Balanced Rock: A Must-See in Garden of the Gods

Everyone wants a photo with Balanced Rock, and here’s why.

Balanced Rock, right alongside the Kissing Camels, is one of the iconic rock formations in Garden of the Gods that’s a must-see during your visit in Colorado Springs.

Balanced Rock is just what it’s name says — a rock that has balanced in place for years. But this rock is huge. It rises 35 feet above its pedestal base, and it weighs approximately 1.4 million pounds.

Like the other rock formations in Garden of the Gods, Balanced Rock occurred naturally, probably from an erosional remnant, years ago. This huge red rock is an incredible natural wonder, which, at least for the time being, is still balancing.

Because you can squat on the ledge on the southeast side of the rock, it’s a perfect photo opportunity. I often take my out-of-town friends to this rock, and I’ll snap photos of them ducking underneath it, “holding it up” with their hands. The “I’m holding up Balanced Rock” pose is a classic Garden of the Gods photo.

Getting to Balanced Rock in Garden of the Gods

Balanced Rock is located on the south end of the garden, close to Manitou Springs and Highway 24. If you want to go straight to Balanced Rock, it’d be easiest to enter Garden of the Gods from the south via Garden Drive. After you turn left from El Paso Boulevard onto Garden Drive, Balanced Rock will be on your left about 0.5 miles ahead. There’s several parking spaces right next to Balanced Rock, and it’s literally a huge rock on the side of the road — you can’t miss it.

Directions for entering the park from the south end can get a little hairy, so check out these detailed instructions for ways to get into Garden of the Gods.

Of course, if you’re coming from the Kissing Camels or if you’re wanting to go to the Visitor & Nature Center first, it’s still possible to get to Balanced Rock from these areas too. If you’re coming from the northeast entrance:

  • Take a right onto Juniper Way Loop
  • Follow it all the way around the Perkins Central Garden on the north end until it forks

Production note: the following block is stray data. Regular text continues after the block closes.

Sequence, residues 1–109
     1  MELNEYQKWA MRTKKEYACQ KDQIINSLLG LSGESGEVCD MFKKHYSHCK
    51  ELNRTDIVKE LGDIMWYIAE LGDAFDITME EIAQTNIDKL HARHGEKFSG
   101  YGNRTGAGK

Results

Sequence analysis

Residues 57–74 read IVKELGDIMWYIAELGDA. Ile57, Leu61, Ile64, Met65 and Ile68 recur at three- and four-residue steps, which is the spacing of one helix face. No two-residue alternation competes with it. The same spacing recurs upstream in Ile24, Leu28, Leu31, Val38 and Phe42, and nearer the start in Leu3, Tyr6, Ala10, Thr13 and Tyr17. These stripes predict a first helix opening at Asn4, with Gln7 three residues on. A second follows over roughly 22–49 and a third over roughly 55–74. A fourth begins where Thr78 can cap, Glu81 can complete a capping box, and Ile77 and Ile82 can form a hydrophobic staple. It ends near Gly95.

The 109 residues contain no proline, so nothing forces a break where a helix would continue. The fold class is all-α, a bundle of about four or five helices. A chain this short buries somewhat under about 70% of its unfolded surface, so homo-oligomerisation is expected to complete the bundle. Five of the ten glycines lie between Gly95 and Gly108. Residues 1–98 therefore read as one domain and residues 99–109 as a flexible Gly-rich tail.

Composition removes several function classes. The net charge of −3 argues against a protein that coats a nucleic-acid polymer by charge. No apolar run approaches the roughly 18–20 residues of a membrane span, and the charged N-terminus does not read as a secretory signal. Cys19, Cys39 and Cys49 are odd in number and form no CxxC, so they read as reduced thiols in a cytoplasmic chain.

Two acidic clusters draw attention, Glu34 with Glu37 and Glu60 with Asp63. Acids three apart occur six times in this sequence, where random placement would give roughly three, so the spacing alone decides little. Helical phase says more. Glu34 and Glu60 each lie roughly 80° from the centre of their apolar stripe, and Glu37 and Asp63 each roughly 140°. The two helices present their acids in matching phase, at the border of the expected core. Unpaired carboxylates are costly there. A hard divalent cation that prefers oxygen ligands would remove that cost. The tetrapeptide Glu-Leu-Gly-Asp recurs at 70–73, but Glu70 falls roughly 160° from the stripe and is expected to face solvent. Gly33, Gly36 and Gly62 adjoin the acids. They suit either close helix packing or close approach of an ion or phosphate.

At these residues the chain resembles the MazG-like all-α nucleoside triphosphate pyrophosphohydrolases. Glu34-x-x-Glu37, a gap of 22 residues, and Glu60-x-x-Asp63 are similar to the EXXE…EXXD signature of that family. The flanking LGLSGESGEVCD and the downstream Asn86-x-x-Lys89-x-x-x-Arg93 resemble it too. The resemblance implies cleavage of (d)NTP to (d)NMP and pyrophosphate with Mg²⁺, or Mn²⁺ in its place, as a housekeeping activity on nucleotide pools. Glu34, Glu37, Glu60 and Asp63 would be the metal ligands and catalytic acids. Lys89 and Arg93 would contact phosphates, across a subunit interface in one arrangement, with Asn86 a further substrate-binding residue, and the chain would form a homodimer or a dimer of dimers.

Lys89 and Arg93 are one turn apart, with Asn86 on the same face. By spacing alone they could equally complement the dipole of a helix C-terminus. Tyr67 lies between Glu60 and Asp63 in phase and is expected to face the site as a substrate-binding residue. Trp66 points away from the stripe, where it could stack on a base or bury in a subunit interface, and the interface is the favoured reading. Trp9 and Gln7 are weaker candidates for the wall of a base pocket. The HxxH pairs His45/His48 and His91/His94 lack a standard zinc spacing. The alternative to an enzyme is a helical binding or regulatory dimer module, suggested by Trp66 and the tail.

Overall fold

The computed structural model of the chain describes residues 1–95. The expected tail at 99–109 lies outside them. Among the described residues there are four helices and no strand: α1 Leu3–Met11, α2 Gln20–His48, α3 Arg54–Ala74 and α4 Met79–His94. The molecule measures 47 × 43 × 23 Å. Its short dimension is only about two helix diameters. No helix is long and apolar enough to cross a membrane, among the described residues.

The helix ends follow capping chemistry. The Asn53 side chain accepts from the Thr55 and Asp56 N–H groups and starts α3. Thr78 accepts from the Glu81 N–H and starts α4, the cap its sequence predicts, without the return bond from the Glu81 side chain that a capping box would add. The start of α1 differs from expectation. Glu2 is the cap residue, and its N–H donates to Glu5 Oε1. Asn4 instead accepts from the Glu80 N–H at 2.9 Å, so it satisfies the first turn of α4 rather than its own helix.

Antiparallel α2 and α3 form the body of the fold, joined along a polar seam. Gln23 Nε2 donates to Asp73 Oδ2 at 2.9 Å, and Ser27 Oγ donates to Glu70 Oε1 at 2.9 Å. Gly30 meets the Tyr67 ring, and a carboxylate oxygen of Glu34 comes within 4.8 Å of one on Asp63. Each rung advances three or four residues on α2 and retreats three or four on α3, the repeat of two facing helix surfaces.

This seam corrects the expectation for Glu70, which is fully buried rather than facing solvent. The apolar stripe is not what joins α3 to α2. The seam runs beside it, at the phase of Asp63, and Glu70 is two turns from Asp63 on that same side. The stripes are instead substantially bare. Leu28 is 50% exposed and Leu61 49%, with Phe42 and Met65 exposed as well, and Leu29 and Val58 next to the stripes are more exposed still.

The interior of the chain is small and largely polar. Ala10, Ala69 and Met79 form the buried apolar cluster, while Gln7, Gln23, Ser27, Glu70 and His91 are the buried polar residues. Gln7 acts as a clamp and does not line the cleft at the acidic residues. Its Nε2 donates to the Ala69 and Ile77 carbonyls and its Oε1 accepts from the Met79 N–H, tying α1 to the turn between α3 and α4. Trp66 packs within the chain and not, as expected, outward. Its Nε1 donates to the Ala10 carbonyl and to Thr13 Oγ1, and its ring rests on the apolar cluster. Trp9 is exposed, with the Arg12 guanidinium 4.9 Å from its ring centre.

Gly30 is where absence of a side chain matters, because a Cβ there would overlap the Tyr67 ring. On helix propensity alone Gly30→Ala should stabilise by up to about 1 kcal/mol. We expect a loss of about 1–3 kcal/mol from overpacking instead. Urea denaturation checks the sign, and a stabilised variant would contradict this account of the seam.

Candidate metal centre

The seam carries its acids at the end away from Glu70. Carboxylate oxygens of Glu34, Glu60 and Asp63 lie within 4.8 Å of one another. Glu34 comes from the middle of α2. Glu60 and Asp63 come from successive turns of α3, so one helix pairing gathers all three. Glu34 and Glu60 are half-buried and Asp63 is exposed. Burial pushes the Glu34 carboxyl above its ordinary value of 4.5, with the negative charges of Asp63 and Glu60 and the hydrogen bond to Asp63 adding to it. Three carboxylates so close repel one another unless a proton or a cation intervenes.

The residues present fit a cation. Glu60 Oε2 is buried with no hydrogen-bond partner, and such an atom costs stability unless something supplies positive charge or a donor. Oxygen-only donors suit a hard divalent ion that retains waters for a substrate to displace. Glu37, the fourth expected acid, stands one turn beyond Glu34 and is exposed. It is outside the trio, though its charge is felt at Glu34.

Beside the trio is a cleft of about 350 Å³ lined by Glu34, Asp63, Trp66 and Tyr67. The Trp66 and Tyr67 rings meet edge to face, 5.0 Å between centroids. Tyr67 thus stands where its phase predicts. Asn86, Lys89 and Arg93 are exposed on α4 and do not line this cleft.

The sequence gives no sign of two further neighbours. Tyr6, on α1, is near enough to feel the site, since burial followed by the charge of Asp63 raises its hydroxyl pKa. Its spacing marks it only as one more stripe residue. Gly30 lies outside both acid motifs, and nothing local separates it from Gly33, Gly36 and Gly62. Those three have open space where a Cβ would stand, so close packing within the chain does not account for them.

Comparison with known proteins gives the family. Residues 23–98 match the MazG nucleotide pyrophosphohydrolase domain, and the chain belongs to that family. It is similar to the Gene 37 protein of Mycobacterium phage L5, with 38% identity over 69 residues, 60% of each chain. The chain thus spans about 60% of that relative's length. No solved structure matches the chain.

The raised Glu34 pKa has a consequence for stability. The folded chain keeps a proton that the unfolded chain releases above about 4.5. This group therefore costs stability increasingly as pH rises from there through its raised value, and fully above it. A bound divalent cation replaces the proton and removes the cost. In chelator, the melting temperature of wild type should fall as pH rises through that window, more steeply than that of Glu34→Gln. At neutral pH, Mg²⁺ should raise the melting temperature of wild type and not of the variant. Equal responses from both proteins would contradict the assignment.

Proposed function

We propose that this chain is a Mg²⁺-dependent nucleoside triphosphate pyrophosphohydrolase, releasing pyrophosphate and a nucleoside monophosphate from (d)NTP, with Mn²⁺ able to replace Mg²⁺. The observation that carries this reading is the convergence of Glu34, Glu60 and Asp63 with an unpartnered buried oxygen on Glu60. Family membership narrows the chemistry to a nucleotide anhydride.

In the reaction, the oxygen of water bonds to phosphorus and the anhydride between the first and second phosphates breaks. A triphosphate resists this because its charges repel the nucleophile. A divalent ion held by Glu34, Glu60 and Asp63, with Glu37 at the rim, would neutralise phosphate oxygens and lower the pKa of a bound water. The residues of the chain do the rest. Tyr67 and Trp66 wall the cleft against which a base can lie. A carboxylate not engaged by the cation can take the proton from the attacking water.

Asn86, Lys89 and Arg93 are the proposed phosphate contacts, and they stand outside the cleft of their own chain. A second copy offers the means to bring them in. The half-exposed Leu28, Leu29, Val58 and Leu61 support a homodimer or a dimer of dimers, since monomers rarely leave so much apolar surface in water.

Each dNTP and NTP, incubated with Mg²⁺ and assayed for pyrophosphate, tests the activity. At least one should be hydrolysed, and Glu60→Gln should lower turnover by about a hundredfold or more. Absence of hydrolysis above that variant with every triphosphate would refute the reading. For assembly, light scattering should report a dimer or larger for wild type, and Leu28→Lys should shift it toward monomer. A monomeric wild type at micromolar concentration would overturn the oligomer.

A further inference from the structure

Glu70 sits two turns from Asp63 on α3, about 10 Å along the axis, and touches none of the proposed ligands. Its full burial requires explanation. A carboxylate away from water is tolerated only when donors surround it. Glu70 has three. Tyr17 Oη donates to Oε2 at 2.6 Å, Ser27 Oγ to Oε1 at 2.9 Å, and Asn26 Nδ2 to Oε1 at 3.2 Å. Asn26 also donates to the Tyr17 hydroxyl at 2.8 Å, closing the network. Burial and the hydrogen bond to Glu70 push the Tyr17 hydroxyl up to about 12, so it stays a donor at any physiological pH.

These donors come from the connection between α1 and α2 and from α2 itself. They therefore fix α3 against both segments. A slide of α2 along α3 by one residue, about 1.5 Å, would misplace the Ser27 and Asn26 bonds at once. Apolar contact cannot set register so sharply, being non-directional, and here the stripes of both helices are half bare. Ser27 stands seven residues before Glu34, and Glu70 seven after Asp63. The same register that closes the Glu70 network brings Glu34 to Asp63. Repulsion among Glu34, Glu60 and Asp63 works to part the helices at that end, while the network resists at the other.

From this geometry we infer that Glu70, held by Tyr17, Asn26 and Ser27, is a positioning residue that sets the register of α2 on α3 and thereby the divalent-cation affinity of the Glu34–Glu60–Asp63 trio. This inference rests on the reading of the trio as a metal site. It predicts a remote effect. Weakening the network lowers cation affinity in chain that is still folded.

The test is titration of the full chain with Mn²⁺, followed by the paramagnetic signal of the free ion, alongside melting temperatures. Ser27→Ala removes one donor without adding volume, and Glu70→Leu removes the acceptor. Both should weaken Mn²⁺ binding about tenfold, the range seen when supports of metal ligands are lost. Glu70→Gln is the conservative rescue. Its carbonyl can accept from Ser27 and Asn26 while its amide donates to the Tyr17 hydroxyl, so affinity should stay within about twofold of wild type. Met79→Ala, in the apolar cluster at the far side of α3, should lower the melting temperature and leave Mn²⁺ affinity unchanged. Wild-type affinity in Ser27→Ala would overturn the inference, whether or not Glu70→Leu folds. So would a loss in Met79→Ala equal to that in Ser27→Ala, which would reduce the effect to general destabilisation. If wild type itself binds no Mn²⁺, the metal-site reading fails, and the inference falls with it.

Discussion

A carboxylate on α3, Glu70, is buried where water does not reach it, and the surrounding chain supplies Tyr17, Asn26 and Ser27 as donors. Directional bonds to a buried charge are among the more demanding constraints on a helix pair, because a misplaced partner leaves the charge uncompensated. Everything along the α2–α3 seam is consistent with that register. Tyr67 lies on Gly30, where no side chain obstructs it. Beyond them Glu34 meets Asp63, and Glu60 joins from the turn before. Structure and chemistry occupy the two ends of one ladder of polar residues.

• Stay right at the fork to get on Garden Drive
  • Stay on Garden Drive for approx. 1.3 miles, then Balanced Rock will be on your right

Planning your visit to Balanced Rock and Garden of the Gods

There’s no cost to visit this amazing rock structure, but there are some park rules you should be aware of:

  • Hours: the Garden of the Gods park is open daily from 5:00 a.m. to 9:00 p.m.
  • Stay on the trails!
  • Take only pictures (don’t remove or damage any natural features), so future visitors for generations can also enjoy it.
  • You can bring your dog, but be sure to keep it on a lease and clean up after it.
  • Rock climbing isn’t allowed unless you’ve obtained a permit and have safety gear.
  • Videoing the park is awesome, but you can’t use a drone in the park unless you’ve got a proper permit and insurance.

History of Balanced Rock

Today it’s free to visit Balanced Rock (and Garden of the Gods), but that wasn’t always the case. At the young age of 14, Curt Goerke started charging tourists 25 cents to take photographs of them and the rock in the 1890s. Seeing the lucrative opportunity, his father, Paul Goerke, bought Balanced Rock and some surrounding property. He built a tall wooden fence and charged 25 cents for admission to see the wonder called Balanced Rock.

While the rest of the Garden of the Gods had been donated to the city by Charles Perkins’ children and was a free park for local residents and tourists to enjoy, Balanced Rock required a fee. For 20 years, the city of Manitou Springs and the Goerke family fought over ownership of Balanced Rock. Eventually, Georke sold his 274 acres, which included Balanced Rock, to Colorado Springs for $25,000 in 1932. The city tore down the fence and held a celebration as the public once again had free access to this rock formation.

Will the rock ever fall?

This question was a constant nightmare for Paul Butcher, the now retired director of the Colorado Springs Parks, Recreation and Cultural Services Department. He was so stressed about this possibility that he once fell for an April Fools’ prank call that the rock had fallen.

Aside from some concrete around the base, which Goerke placed years ago to ensure tourists couldn’t cut out a chunk to take with them, there’s nothing to protect the rock from erosion. Yet most aren’t worried about the rock falling.

Thomas Grose, a geology professor, explained that the rock surrounding Balanced Rock eroded and somehow Balanced Rock did not. The processes of erosion just haven’t been enough to undercut the rock. Read more about the history and speculation of the rock falling.

Short of a major earthquake, it’s believed that Balanced Rock won’t be falling, rolling, or crashing anywhere anytime soon — so you can take your “I’m holding up Balanced Rock” picture without fear!

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